Work and Employment
At the end of the 1980s, a confident reviewer might have surveyed the record of Australian sociological research on work and employment and concluded that its cumulative achievements were considerable and that the field had a promising future. Indeed, the range of significant monographic studies of various aspects of work displayed impressive theoretical concerns and advances, alongside a very solid empirical base. Claire Williams (1981) had turned a study of work in a Queensland coalmine into a path-breaking treatise on the complexities of gender and class dynamics in the interface between work, family life and community. Roy Kriegler (1980) worked in a Whyalla shipyard and laid bare the myriad oppressions and indignities that went to make up class authority in an Australian workplace. Evan Willis (1983) used a quasiMarxist framework to analyse the dominance of the medical profession in the Australian health system, emphasising particularly the role of state regulation. Other works have included Bob Connell's Teacher's Work (1985), which examined public and private schools, exploring teaching as profession, craft, and labour process, and placing it in the school environment with relationships to children and families. Williams (1988) made another major contribution, showing the complexities of the work and class situations of employees who were 'in between' – technicians, flight attendants and bank workers. Ann Game and Rosemary Pringle's highly influential Gender at Work (1983) was followed by Pringle's powerful demonstration of the deep implication of sexuality in the operation of day-to-day workplace patriarchy (Pringle 1988). Jock Collins (1988) and Constance Lever-Tracy and Mike Quinlan (1988) developed competing, but powerful accounts of the postwar wave of migration to Australia, the patterns of ethnic segmentation that resulted and the forces that generated it.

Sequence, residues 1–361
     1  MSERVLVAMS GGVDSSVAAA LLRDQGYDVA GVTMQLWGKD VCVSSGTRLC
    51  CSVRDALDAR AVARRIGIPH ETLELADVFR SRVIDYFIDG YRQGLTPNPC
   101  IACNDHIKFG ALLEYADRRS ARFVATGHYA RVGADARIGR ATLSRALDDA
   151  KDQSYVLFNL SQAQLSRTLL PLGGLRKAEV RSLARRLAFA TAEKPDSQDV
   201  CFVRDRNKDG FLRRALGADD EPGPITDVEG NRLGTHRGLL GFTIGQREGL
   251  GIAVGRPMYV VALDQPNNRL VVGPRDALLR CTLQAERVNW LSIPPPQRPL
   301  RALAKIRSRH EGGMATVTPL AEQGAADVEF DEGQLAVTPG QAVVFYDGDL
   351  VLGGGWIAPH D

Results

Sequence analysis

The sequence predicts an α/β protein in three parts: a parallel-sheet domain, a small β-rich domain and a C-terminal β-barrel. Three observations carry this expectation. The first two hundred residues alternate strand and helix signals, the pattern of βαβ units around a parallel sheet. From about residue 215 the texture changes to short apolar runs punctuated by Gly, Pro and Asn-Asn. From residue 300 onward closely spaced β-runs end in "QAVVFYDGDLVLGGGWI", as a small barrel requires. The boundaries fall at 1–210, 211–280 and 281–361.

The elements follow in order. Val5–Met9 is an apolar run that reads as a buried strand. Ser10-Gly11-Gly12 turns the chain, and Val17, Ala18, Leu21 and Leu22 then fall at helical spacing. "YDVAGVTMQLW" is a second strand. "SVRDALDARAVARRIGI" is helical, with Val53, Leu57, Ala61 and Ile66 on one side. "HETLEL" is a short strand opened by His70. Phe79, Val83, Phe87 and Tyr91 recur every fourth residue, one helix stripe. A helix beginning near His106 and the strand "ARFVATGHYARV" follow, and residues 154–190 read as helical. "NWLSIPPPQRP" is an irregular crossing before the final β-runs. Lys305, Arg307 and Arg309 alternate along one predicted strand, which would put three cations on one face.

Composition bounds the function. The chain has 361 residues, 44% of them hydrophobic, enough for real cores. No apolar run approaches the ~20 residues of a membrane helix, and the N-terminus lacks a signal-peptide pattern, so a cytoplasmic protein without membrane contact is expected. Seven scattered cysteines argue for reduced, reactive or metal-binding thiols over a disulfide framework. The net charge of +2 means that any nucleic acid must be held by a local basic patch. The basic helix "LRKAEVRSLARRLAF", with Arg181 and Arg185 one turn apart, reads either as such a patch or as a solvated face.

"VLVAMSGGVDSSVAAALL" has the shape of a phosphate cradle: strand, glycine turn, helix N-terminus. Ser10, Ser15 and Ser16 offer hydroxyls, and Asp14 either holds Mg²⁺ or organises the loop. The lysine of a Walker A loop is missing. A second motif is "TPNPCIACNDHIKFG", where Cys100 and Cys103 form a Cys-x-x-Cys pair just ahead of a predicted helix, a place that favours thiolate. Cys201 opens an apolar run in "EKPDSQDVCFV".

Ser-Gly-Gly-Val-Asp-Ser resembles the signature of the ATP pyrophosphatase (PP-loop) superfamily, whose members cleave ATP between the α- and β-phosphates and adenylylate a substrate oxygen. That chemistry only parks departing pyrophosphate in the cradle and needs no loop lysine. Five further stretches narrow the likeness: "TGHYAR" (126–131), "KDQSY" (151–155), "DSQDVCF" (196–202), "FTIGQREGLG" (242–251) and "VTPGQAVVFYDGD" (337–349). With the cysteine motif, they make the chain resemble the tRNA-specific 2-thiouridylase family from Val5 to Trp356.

Into the early 1990s, attempts to synthesise knowledge began to appear (Probert 1989; Williams with Thorpe 1992), and one would have guessed that researchers were ready to consolidate the advances of the 1980s and move on to systematically develop the field. However, recent commentaries suggest that the 1990s appear more as a period of 'fragmentation', even 'dissipation' in Australian sociology of work (Campbell 2002; Harding and Sappey 2002). One reason for this impression is undoubtedly that a tide of workplace and labour-market change overtook the settled patterns of earlier decades, and researchers focused their attention on these changes. Indeed, new attention to such